Jon Lester Responds to Allegations of Foreign Substance on Glove in Game 1 of World Series


David Ross, Jon LesterBOSTON — There’s nothing to see here — aside from a well-pitched game.

Jon Lester tossed 7 2/3 shutout innings in Game 1 of the World Series on Wednesday, yet a lot of talk during and after the contest centered on a green substance located inside of the left-hander’s glove. Lester said before Game 2 at Fenway Park that the substance was nothing more than rosin.

“I just throw it in my glove,” Lester told reporters Thursday. “For me, it helps with tempo. Any time you’re not walking to the back of the mound grabbing the rosin, walking around, you can just reach in your glove and you’re back up in the rubber ready to go. That’s kind of how it started for me. It was more of a tempo issue. And any time, like I said, you get a foul ball, a new ball, whatever, you’re walking to the back of the mound grabbing the rosin, taking your time, getting back up on the rubber. It takes too long. You throw it in there [and] it’s perfectly legal. They put it back there for a reason and I’m going to continue to do it.”

The substance inside of Lester’s glove in Game 1 — which was a lime green color — was pointed out by Cardinals minor leaguer Tyler Melling, who tweeted a photo of Lester’s glove with a caption that read, “Jon Lester using a little Vaseline inside the glove tonight?” The tweet set off a social media firestorm, and even caused Major League Baseball to release a statement stating that no conclusions could be drawn from video review. Melling later deleted the tweet.

“You can take it as something that bothers you, or you can take it as a compliment,” Lester said Thursday. “Obviously, last night was not a night you wanted to use Vaseline. You want a grip on the ball. You don’t want to throw it to the backstop.”

John Farrell and Dustin Pedroia were among those who pointed to Lester’s sweaty mound habits as reasoning for the pitcher’s use of rosin, while Cardinals manager Mike Matheny acknowledged that the whole thing is “pretty much a dead issue.” Yet in the wake of a Game 1 gem, Lester was forced to answer questions about a controversy stirred up through social media.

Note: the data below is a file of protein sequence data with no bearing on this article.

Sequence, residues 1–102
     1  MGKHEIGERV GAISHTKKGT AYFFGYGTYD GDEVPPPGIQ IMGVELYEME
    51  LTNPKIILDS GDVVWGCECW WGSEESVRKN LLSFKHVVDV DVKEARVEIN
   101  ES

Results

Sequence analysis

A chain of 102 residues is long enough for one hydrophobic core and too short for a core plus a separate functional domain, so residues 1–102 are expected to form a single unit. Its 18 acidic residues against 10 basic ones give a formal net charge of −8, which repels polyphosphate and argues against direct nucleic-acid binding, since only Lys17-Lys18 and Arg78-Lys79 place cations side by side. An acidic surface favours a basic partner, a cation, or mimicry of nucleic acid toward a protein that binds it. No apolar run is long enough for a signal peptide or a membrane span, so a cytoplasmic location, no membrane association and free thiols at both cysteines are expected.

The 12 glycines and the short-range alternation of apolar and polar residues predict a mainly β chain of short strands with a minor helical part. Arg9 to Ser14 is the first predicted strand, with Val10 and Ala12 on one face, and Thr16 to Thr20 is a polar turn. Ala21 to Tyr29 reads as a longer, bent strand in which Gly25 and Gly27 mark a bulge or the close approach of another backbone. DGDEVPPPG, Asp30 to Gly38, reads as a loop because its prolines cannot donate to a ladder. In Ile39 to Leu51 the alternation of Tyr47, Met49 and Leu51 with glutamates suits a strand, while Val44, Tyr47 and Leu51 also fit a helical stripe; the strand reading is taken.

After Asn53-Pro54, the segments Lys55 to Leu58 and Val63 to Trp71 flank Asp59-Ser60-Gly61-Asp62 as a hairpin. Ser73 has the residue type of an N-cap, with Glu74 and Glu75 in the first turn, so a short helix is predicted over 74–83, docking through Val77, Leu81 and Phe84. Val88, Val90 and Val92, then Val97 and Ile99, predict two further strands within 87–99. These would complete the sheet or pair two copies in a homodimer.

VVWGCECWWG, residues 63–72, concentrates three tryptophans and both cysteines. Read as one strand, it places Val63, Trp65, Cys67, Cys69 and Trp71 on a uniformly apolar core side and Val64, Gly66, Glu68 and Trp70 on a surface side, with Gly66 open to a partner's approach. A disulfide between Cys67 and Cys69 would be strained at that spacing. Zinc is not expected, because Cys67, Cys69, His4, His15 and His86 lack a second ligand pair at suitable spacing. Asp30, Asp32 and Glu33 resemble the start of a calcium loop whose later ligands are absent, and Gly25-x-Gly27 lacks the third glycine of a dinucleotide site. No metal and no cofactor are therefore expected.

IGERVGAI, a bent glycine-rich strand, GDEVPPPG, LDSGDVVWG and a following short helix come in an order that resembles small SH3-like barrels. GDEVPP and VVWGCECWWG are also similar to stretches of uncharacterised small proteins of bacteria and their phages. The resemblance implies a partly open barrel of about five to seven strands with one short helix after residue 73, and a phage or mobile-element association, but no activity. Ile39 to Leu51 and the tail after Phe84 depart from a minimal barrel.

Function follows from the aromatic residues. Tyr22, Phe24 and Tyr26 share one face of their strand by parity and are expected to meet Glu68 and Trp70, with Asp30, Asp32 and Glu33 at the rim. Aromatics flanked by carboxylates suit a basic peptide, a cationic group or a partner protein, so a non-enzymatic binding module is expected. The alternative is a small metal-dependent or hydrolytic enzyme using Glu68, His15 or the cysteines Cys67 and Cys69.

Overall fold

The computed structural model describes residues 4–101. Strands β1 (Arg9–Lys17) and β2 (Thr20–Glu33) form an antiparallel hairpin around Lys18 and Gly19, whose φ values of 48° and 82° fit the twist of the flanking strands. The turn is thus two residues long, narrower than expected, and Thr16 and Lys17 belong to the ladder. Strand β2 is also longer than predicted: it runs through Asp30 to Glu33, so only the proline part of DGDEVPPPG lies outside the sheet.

“That’s the negative side of social media,” Lester said. “Twitter and Facebook have a lot of positives, communicating with people, charity, and then there’s something like this where I’m standing in front of you guys talking.”

As for why the substance was a lime green color? Well, that’s one mystery that remains unsolved.

“I saw the picture and I don’t know why that is,” Lester said. “It looks like a giant booger almost. I don’t know how that came about. The lighting, I don’t know how that is.”

Lester, who is 3-1 with a 1.67 ERA in four starts this postseason, is scheduled to pitch again in Game 5 in St. Louis. It’s safe to say that there will be plenty of attention paid to Lester’s mound habits in that game, although the Red Sox hurler says that he plans to put the Game 1 allegations behind him.

“I know not once I’ve cheated, won’t cheat, and I’ll continue to hold that as part of who I am,” Lester said. “Like I said, it is what it is. [Melling] has his opinion, he has his right to hold his opinion on it. The picture, like I said, does look bad, but it’s rosin. Like I said, that’s all I can really comment on with it. It’s rosin. My next start, Game 5 I’ll go out there and do the exact same thing and hopefully have the same outcome in the game.”

A similar outcome in Game 5 would go a long way toward giving the Red Sox a World Series title and enhancing Lester’s already impressive legacy within the organization. Now that’s a topic worth focusing on.

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